Morning Update

This morning’s grain trade has wheat showing an advance, while corn is mixed, and soybeans have turned softer from what was initially higher starting Sunday night. Wheat trade found buying interest as black sea fob prices as newswires reported that Russian drones a missile attack damages on the Odessa and export facilities could be critical. The exact accounting of damages is not available yet. Ukrainian stated that agricultural export Enterprises and industrial buildings, were destroyed on Sunday. The degree of damage to export capacity has not yet been fully evaluated. Russia and Ukraine both broaden their drone attacks on each other during the weekend. Not surprisingly, Russian Pres. Putin won another six-year term as president on Sunday with an approval rating that was record high according to Russian media.

After the initial rally over the last two weeks, the Brazilian soybean market started to retreat as their harvest pranced, with farmers selling some remaining harvested crops that didn’t have storage.
The Commitment of Traders Report on Friday showed managed funds bought 40,867 contracts of corn (net -255,928), bought 16,862 contracts of soybeans (net -155,137), and sold 13,331 contracts of Chicago wheat (net -78,870). According to Peak Trading Research, the cheapest and most oversold Ag commodities include soybeans, soymeal, KC wheat, corn, and canola.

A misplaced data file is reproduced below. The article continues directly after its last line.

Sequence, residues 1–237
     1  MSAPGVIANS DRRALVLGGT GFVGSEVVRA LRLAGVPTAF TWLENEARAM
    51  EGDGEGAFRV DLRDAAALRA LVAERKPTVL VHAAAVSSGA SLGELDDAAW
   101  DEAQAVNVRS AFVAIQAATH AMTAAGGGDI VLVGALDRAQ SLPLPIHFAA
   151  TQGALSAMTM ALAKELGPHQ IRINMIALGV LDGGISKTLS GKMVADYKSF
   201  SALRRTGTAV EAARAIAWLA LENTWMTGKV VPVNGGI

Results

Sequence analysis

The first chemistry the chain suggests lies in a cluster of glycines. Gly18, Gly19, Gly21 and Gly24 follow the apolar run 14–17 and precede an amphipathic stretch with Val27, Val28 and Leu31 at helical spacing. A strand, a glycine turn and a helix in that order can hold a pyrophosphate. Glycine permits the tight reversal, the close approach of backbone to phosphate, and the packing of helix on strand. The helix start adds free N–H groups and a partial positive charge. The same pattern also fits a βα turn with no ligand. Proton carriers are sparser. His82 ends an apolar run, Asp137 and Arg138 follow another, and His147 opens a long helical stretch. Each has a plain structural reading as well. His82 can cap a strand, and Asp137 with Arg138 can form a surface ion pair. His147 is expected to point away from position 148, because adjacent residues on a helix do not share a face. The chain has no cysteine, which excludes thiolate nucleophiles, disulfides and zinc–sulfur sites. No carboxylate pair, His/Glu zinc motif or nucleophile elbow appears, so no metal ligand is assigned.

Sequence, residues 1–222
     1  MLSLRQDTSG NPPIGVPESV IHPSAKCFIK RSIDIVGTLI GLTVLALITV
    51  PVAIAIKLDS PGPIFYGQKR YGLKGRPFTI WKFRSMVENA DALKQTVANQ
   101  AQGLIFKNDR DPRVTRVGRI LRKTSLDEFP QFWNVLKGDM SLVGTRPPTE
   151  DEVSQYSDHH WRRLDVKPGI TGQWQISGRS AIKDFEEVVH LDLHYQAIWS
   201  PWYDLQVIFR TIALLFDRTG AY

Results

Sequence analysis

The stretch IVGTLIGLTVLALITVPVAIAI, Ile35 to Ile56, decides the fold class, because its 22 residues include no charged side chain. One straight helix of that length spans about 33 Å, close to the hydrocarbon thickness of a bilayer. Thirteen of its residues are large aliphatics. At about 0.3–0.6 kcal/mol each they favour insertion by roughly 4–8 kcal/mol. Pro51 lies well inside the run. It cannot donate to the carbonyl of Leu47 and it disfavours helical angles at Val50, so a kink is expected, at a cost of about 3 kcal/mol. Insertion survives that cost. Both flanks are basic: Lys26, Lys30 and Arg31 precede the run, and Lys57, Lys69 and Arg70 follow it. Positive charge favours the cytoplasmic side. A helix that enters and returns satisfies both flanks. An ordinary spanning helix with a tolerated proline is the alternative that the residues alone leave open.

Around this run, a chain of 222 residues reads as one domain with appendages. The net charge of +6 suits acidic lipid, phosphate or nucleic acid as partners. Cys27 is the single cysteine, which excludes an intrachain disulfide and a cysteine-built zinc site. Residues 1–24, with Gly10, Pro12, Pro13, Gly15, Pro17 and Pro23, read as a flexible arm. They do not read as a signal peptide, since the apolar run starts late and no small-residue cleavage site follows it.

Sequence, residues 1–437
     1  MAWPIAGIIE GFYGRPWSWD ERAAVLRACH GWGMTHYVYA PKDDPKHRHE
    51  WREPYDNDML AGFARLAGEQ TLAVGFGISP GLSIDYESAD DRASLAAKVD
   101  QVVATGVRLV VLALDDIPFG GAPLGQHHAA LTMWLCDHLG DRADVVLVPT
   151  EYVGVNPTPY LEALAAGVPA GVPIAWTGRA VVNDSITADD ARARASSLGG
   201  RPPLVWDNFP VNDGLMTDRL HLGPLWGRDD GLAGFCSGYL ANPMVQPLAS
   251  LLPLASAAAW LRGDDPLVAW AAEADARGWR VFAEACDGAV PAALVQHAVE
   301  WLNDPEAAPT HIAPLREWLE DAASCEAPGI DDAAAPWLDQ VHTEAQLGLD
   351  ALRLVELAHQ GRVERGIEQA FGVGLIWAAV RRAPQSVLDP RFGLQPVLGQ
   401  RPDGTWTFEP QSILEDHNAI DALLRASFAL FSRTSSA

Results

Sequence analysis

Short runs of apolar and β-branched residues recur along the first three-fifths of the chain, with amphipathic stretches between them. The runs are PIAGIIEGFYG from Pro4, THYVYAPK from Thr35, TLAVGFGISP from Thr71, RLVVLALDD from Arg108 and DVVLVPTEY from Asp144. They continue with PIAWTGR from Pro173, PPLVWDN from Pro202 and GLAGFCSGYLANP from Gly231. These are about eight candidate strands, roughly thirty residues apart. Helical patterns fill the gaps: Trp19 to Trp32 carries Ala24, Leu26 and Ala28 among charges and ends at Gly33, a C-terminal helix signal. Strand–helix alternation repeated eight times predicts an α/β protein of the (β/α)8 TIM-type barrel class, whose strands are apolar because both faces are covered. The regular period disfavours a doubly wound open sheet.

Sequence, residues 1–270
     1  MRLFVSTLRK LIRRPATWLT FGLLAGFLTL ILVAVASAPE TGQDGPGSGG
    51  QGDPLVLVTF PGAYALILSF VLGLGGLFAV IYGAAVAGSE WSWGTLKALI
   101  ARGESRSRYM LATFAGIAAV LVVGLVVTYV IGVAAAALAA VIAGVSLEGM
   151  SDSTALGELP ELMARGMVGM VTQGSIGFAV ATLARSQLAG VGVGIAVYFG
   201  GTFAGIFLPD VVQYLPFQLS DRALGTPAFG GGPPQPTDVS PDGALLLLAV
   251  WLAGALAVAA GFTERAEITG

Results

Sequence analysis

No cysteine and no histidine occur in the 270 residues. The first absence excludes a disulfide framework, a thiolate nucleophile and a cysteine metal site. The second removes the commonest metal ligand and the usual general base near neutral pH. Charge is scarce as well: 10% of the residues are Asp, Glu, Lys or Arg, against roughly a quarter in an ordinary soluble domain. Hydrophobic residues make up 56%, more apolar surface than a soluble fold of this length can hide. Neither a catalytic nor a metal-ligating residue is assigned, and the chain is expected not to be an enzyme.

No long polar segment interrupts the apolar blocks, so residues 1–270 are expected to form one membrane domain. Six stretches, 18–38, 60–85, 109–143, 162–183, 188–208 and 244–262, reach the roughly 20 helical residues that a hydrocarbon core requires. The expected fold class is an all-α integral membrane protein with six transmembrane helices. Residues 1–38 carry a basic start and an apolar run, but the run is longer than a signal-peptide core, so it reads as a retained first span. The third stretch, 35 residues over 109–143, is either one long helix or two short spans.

The FOMC meets this week, with a rate decision on Wednesday at 1:00 p.m. CT. The macro mood is mixed as traders anticipate the Federal Reserve decision and Chairman Powell’s press conference. Powell's dovish comments equate to more rate cuts, bringing the Dollar down and agricultural commodities up, and vice versa. Several policy decisions, including the BOE, BOJ, Brazil, and Russia, are also this week.

The rising black sea military tensions are now back on traders' minds, along with the upcoming USDA March Stocks and Seedings Report just eight trading days away. Choppiness will not likely enter the trade after the recent advance in corn and soybeans while we traders looked cover shorts. Also, there is a discussion that Russian and Ukraine weather is far drier than desired by farmers there, but it’s still too early to suggest any major reduced production. The conscripting of farmers who are being put into the military in Ukraine could also pose a problem in getting spring crops planted.

Live and feeder cattle futures ended last week slightly lower but were still within recent trading ranges that have developed over the last month. It was the second consecutive lower with the close for April cattle futures which hasn’t happened since December. Live cattle in the South did move $1 higher for the week to set new record highs of $186, while live sales in the North were quoted at $187-190, which was $2-5 higher for last week. Dressed sales were $1-7 higher at $295-301. Boxed beef dies were higher last week on reduced slaughter and building seasonal demand. Choice cutout picked up $4.86 and cleared at $311.90 while select was also higher by $4.97 at $with 302.40. Technical momentum asserted drifting, with feeder cattle closing below technical support. Live cattle are showing weakness, seeing a larger break. Both April and June live cattle are parked right on top of technical support and need to produce a rally immediately. Closing under 186.50 on April cattle would start technically breaking the market with liquidation from index funds.